Gender Identity and the Church

On June 10, 2014 at their annual meeting, Southern Baptist Convention members approved resolution #9, On Transgender Identity, written by Denny Burk. After reading the resolution, I am saddened at the apparent lack of understanding by Mr. Burk and the SBC on this topic of gender identity. Even more, I am saddened at the effect this resolution is having on our transgender friends. The Church has an opportunity to connect with those who identify as transgender and be a safe place where they can pursue a relationship with God, if that is what they desire. But to do this, the Church must get educated on gender identity. And fast.

I want to highlight one line of the resolution:

“RESOLVED, That the messengers to the Southern Baptist Convention meeting in Baltimore, Maryland, June 10–11, 2014, affirm God’s good design that gender identity is determined by biological sex and not by one’s self-perception—a perception which is often influenced by fallen human nature in ways contrary to God’s design (Ephesians 4:17–18)” (Emphasis mine)

Respectfully, this is a bunch of hooey.

Yes, a person’s biological sex is defined by chromosomes and characterized by reproductive anatomy. But, for example, when we refer to a person’s sexual identity, we are now referring to much more than just physiology –  we are now referring to how a person experiences his or her sexuality. Similarly, when we refer to gender identity, we are no longer strictly talking about a person’s biological sex alone – we’re talking about how a person experiences his or her maleness or femaleness.

Here’s an easy way to think of it:

Sex = Male, Female

Gender = Masculine, Feminine

While biological sex is usually easily defined, masculinity and femininity are not. The latter traits are influenced by many things, including heredity, hormones, early life experiences, self-perception, social expectations, etc. For this reason, two biological males can have two very different gender identities – two different ways of experiencing their maleness. The same can be true for two females.

Simply put, gender identity is not determined by what’s between our legs, but primarily by what’s between our ears – our brains. So if you’re a man, view yourself as a man and feel comfortable as a man, congratulations! – your brain is in congruence with your man parts. And if you’re a woman, view yourself as a woman and feel comfortable as a woman, woohoo! – your brain is in congruence with your lady parts. Your gender identity aligns with your biological sex.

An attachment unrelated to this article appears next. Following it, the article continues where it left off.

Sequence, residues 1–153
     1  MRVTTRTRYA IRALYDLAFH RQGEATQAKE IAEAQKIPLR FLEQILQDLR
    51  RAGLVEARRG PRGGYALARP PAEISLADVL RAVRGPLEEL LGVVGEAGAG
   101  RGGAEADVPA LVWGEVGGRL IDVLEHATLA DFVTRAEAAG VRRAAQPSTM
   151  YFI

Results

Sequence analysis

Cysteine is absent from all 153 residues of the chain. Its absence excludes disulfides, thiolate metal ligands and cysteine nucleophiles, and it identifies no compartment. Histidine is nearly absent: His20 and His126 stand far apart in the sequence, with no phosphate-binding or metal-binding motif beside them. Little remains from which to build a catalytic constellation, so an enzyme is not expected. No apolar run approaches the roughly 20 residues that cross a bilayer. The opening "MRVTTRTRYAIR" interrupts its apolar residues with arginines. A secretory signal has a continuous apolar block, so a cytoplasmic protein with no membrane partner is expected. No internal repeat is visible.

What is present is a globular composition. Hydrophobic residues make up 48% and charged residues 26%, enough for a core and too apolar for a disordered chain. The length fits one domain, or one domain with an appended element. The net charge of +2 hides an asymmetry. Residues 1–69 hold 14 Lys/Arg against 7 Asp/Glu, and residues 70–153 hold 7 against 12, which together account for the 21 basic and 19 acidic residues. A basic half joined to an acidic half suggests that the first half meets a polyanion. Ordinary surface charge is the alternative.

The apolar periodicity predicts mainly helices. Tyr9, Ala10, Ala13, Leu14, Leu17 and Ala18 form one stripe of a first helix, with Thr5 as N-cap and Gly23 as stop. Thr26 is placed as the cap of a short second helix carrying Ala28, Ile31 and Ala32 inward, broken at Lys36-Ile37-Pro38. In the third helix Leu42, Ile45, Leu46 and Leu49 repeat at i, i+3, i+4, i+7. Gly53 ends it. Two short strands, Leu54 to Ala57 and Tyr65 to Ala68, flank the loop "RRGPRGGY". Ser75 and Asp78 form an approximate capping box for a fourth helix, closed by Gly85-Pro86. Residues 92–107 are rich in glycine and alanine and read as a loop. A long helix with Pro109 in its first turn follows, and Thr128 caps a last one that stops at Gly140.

But this is not the experience of everyone. Transgender people live with a degree of incongruence between their brains and their biological sex. And when the degree of incongruence is high, it can create despair, confusion and hopelessness, for a variety of reasons. It can be a terrible thing to feel like a stranger in one’s own body, and tragically some choose to end their lives rather than continue to exist in this trapped state. Others choose to embrace the gender identity of their brains, and this can look different for different people. Some live behaviorally as the opposite sex; others opt for cosmetic or sex-reassignment surgery. And there are some who live content lives amidst the incongruence, with support from family and friends.

If the Church is going to be a safe place for transgender people, it must stay relevant. Advances in science, medicine, psychology, and psychiatry have given us more information now about the human condition than we’ve ever had. The Church should not be hesitant to incorporate new knowledge into its theology – knowledge that affirms how fearfully and wonderfully we are made by God – knowledge that sheds more light on the role of the brain in gender identity – how we experience our God-given maleness or femaleness.

Here’s the bottom line: Our biological sex influences our gender identity, but it does not singularly define or determine it.

The SBC has prioritized making a point with this latest resolution that is neither substantiated by research nor influencing people for good. Rather than passing judgment on how people respond to their experience with gender dysphoria, can we seek to learn and understand? I want to know the stories of our transgender friends – I want to hear their struggles, their pain, their challenges. I want to apologize to all who identify as transgender for the way they’ve been treated by some in the Church. And I want them to know that they are precious to God. I think that’s a good place to start.

This entry was posted in church, faith, Gender, gender dysphoria, Gender Identity, religion, transgender, Uncategorized and tagged , . Bookmark the permalink.

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